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Yoga’s rock god comes to London this weekend

Soft, yellow lighting is cast down on the five figures sitting cross-legged upon the small platform, filling the room with a dim warmth. The man in red flannel shirt presses his fingers to the small instrument before him, bringing forth an accordion-like sound. He parts his lips and a low, solemn “om” rumbles out – spills through the speakers and fills the whole room. Soon the band joins, and they are playing a soothing rhythm that they have played time and time again at yoga centers and intimate settings. However, they are now playing for the hundreds in the audience before them, and the thousands upon thousands watching the show from home that are likely mystified at the unorthodox performance. They are playing at the 2013 Grammys.

For Krishna Das, the featured artist in red flannel, his purpose for singing never changes, regardless of the venue or audience size. “…To save my heart. Every day. This is what I do to keep my head screwed on semi-straight and keep my heart open. Whenever I sing, that’s why I sing,” he told Origins Magazine. And he’s not talking about singing top 40 hits here (and that may be why some of you haven’t yet heard of him).

krishna das

Krishna Das is known as ‘yoga’s rockstar’ and has become the best-selling chant artist of all time, 300,000 sold records to his name. The king of yoga music will be here this weekend, leading a chant retreat hosted by the popular yoga center, triyoga. He will be crooning songs of the kirtan flavour to yogis in the area alongside fellow chanter Nina Rao, as yoga teacher Bridget Woods Kramer leads gentle yoga classes.

Highly praised by yoga enthusiasts, and even pop and rock legends Madonna and Sting, he specializes in a genre that is not quite mainstream. Das sings a type of devotional music called kirtan. Considered spiritual and moving by many, kirtan music is call-and-response chanting in which hymns or mantras are uttered, normally accompanied by various ethnic percussion instruments and a small pipe organ called a harmonium.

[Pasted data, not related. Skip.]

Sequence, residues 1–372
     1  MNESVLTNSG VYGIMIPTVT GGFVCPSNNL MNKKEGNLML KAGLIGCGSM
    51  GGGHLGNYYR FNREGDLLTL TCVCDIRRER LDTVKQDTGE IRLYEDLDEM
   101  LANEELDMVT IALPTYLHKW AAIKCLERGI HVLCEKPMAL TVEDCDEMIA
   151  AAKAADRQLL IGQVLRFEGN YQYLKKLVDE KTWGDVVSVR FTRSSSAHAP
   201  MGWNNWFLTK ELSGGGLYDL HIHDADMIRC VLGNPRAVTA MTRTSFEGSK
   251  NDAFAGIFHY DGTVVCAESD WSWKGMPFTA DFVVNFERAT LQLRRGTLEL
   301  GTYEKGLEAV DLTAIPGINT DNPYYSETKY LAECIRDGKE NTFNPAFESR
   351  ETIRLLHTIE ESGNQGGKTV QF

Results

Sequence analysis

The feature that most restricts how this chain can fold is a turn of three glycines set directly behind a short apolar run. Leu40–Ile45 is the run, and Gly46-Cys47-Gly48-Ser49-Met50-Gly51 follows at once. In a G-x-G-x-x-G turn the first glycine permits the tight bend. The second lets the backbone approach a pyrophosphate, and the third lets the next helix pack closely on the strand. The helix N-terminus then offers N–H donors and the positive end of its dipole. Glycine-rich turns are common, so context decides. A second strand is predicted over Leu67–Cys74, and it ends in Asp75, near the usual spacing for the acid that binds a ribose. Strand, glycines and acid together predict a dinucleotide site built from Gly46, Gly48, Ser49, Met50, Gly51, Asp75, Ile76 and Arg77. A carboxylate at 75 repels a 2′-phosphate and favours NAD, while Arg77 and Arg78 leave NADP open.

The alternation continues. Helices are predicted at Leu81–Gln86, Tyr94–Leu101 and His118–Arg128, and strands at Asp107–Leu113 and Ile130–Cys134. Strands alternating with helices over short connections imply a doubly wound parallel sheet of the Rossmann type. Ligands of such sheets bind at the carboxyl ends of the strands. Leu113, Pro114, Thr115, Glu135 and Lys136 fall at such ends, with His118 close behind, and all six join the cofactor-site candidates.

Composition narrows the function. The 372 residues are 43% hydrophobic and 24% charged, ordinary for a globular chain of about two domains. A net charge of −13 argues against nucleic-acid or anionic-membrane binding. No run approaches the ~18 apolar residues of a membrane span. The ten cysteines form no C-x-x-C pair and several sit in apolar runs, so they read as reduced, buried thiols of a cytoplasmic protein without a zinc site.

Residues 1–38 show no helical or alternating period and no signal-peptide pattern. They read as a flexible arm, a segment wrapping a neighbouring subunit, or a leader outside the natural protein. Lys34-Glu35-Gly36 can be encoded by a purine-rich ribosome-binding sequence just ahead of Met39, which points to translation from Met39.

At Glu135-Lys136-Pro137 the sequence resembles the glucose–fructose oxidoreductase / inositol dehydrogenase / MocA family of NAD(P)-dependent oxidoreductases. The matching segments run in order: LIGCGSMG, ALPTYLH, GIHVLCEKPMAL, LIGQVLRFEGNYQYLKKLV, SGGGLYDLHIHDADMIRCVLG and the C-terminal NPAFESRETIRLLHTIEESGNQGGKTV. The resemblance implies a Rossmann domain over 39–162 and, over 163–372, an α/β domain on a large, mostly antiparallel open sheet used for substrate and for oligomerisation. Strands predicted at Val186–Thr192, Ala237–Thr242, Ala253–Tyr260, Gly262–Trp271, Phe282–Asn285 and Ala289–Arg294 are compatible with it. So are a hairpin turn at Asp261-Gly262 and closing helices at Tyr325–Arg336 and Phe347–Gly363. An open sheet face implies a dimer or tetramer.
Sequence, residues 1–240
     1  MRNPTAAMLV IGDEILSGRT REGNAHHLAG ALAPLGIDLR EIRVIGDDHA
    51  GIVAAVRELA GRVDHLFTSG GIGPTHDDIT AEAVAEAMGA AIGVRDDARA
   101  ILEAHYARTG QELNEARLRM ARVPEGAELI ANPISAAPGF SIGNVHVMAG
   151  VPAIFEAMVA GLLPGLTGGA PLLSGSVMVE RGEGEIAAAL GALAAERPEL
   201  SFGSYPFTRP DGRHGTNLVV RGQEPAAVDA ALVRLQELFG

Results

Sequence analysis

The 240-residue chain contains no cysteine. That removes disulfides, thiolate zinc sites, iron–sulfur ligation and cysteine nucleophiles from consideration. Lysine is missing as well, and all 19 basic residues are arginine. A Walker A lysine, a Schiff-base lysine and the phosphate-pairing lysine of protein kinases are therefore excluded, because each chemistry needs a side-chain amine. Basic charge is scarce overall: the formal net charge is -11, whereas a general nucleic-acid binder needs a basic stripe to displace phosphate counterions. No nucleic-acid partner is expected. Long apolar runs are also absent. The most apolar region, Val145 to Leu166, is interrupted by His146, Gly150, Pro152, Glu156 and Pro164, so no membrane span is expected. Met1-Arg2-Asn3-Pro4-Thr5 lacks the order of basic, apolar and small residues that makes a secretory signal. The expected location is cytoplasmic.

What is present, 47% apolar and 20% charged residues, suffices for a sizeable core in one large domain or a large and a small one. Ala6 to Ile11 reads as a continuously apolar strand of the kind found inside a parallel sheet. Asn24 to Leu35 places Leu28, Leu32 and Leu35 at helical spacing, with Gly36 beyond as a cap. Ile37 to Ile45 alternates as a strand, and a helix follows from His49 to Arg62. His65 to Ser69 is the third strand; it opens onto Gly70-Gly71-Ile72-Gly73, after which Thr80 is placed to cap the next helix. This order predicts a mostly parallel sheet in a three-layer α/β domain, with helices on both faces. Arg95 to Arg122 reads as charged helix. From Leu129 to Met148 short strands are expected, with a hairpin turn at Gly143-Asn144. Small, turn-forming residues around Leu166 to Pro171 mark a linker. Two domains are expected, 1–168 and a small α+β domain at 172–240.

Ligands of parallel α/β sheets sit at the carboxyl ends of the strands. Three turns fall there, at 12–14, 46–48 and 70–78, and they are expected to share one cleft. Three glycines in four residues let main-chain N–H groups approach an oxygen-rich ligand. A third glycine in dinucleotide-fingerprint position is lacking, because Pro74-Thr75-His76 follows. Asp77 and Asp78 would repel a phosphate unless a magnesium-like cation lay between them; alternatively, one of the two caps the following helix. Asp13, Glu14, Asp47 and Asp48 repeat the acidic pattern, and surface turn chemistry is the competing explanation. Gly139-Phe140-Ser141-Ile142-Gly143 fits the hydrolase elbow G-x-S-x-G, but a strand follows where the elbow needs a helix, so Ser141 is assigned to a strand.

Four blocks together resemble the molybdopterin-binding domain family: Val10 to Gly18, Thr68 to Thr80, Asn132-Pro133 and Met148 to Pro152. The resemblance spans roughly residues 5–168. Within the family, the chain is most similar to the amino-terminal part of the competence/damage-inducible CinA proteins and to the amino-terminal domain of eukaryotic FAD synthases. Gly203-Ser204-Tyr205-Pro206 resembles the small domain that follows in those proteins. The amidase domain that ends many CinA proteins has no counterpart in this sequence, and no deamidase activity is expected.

What sets Das apart from other musicians in the devotional music genre is his enchanting combination of traditional Hindu kirtan with modern instrumentation and melodies.

And it’s soothing. Take a listen to any of his numbers – even the aforementioned Grammy performance –to grab a better understanding of how mellow Das’s music is. But apparently, you shouldn’t just stop at listening to Das’ chanting – you should join in, because chanting is good for you too.

‘Chanting allows us to override things that might otherwise close us down. Chanting is a way of entering into that flow,’ says Das.

Neuroscientist Marian Diamond from the University of California says that chanting helps block the release of stress hormones and increases immune function.

Chanting sounds also ted to have a therapeutic effect, soothing our bodily systems and activating the body’s natural healing process, according to Alfred Tomatis of the French Academy of Science and Medicine.

If you’re interested in experiencing the benefits of chanting, and want to grasp at the chance to do yoga with a Grammy nominee, do check out the chant retreat taking place this weekend June 28 – 30 at London’s cool yoga haunt Triyoga.  Click here to book


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